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Local time Marrakech



Getting around Marrakech

Public transport

ALSA Marrakech ( provides the local buses, including double-decker tourist buses that pass through key attractions and airport transfer.


Marrakech's petit taxis are standard metered taxis, which can be hailed around the city. Ask the driver to use the meter or haggle for an agreed fare before travelling. When you arrive, make sure you have small notes to pay in cash. Tipping is not expected, but you can round up a dirham or two if the trip was excellent.

Grand taxis are old Mercedes cars that can carry up to six people for a fixed, agreed-upon fare, usually to out-of-town destinations such as Essaouira. Drivers will make sure all seats are full in a Grand Taxi and then leave from popular places like the bus station at Bab Doukkala.

A calèche is a horse-drawn carriage that can carry up to six people, either as a mode of transport within the medina or as a picturesque way to tour Marrakech. Not all tours have fixed prices, so check or negotiate before your ride. You can find calèches lined up between the Koutoubia Mosque and Jemma el-Fna.


Most tourists tend to avoid driving in Marrakech as some roads are narrow and often crowded with people and cyclists. After dark, the dangers increase since it is legal to drive cars and ride bicycles without lights at up to 20kph (12mph).

Street parking is often supervised by a 'parking guardian' on the block, who usually wears a blue coat and expects a tip of a few dirhams. Private parking can be found in most major hotels in Guéliz and off the Avenue Mohammed V. Other parking can be found around Medina at Jemaa el-Fna and off Rue Riad Zitoun el Jedid.

Car hire

Major car hire companies like Budget (+212 5244 38710;, Europcar (+212 5244 31228; and Hertz (+212 80 200 7778; operate in Marrakech. You can also rent from local companies.

Drivers must be over 21 to hire a car, but some rental companies charge additional fees for drivers under 23. Foreign nationals may drive in Marrakech if they are holders of a valid driving licence, but an International Driving Permit is recommended. Third-party insurance is automatically included when renting a car, but you might want to pay extra for collision damage waiver and personal insurance to avoid excessive charges in case of an accident.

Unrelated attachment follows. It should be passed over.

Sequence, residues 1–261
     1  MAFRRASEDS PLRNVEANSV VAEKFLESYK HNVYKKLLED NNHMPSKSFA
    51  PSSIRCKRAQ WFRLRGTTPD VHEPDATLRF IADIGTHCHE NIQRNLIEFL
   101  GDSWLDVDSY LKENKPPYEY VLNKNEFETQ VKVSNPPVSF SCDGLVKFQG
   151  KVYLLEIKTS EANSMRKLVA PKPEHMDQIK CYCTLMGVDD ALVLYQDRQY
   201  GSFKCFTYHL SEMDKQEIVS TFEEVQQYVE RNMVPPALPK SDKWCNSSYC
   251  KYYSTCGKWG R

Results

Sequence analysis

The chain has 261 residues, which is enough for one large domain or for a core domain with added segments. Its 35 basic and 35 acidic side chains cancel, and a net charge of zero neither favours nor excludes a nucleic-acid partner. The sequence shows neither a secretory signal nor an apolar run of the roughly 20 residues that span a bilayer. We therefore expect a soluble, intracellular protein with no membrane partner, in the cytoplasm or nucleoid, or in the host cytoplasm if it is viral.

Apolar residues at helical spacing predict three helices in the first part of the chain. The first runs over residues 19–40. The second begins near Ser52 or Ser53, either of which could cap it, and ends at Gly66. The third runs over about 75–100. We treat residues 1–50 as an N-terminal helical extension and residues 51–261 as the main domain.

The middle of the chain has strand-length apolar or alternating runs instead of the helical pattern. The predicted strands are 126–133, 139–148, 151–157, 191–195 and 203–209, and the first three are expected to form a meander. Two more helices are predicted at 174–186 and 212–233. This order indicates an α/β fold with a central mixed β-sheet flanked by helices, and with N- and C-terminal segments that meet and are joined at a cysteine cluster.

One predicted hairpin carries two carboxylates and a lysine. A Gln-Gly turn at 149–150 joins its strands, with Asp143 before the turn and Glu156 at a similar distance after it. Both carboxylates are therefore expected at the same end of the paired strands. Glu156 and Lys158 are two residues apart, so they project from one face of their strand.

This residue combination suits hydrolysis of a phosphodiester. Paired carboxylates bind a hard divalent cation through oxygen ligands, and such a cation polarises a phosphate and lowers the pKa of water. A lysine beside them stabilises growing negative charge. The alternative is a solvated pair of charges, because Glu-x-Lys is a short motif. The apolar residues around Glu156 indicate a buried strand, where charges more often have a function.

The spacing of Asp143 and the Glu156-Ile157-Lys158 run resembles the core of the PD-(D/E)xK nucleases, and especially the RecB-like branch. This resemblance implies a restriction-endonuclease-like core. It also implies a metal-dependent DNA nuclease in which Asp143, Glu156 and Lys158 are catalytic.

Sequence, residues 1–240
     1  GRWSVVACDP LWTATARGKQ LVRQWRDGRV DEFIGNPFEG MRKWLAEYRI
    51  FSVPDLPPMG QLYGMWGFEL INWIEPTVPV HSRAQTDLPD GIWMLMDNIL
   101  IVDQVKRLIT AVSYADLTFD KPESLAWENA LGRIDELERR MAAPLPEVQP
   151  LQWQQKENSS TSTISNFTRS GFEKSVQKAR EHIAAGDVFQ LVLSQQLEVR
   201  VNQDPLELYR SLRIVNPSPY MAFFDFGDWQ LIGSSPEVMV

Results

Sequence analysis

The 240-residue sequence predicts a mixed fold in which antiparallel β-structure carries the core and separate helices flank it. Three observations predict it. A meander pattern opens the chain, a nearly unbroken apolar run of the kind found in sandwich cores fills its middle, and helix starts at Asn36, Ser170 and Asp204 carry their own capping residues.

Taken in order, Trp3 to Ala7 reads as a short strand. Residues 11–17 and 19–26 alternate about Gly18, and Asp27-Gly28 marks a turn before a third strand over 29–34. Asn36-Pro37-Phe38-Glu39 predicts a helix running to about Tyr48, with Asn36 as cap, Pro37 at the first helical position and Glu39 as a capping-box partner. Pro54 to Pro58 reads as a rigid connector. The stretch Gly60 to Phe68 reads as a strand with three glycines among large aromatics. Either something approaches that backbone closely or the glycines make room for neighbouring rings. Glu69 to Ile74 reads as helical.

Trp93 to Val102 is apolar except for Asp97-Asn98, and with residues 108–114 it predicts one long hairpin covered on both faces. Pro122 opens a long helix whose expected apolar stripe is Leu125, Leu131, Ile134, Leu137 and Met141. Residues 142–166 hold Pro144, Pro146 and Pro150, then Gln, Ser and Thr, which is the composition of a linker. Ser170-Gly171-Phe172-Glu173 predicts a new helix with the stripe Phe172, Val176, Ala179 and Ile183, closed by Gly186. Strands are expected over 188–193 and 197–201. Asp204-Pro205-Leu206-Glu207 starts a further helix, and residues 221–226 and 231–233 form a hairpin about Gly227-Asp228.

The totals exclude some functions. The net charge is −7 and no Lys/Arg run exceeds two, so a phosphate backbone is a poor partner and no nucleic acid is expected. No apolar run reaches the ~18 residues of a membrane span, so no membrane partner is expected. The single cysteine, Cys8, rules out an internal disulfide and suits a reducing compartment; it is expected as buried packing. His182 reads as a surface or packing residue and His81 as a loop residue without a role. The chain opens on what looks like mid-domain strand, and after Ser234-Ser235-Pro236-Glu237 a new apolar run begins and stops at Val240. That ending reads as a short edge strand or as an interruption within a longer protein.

Bicycle hire

Popular alternatives to car travel include bicycles and scooters. There are quite a few bicycle hire shops around the medina – some even conduct tours.

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Featured Hotels


Riad Dar Aby

Situated just outside the Medina, Riad Dar Aby houses a number of en-suite rooms circled around a bright, tiled courtyard. The daily breakfast of Moroccan pancakes with lashings of jam provides a homely touch, while free Wi-Fi access, optional specialised tours and friendly staff complete the package.

Riad Cherihane

Notable for its vibrant rooftop garden where tortoises laze in sun, the well-priced Riad Chrihane is situated near the northern edge of the Medina, roughly a 15-minute walk from Jemaa el Fna. Though it can be tough to track down, due to its location down a quiet side alley, complimentary Moroccan tea and biscuits greet wearisome guests.

Riad L'Etoile D'Orient

Restored in 2010, this tastefully appointed riad mixes the modern with the traditional, meaning guests can upload snaps of the refined Moroccan decor using the speedy free Wi-Fi service. Just minutes from Jemaa el Fna, rooms here include flatscreen TVs and gorgeous bathrooms. There's also a rooftop terrace to enjoy.

Riad Al Massarah

This riad is the definition of Marrakech cool, with its blend of traditional lofty architecture, handsome custom-made furnishings and ultramodern bathroom fittings by Philippe Starck. Proprietors Michael and Michel are blazing the trail for responsible tourism with clever use of natural light and solar energy, contributions to local charities, and standard-setting wages for staff.

Riyad El Cadi

This elegant guesthouse is a maze of historic riads set around five courtyards and faceted with private balconies, terraces, staircases and light wells. Each of the rooms has its own décor scheme (stay in the cupola-capped Ottoman suite with Turkish tile and latticework harem balcony). It also has a pool with Jacuzzi, subterranean hammam and well-stocked wine cellar.

La Maison Arabe Marrakech

Opened in the 1940s, La Maison Arabe was a popular dining place for the rich and famous (Winston Churchill was a patron). It closed in the 1980s but reopened in 1998 as a hotel with Italian blueblood and African antiques collector Frederic Ruspoli at the helm. His collection is now the centrepiece of the hotel's luxuriously restored suites and rooms.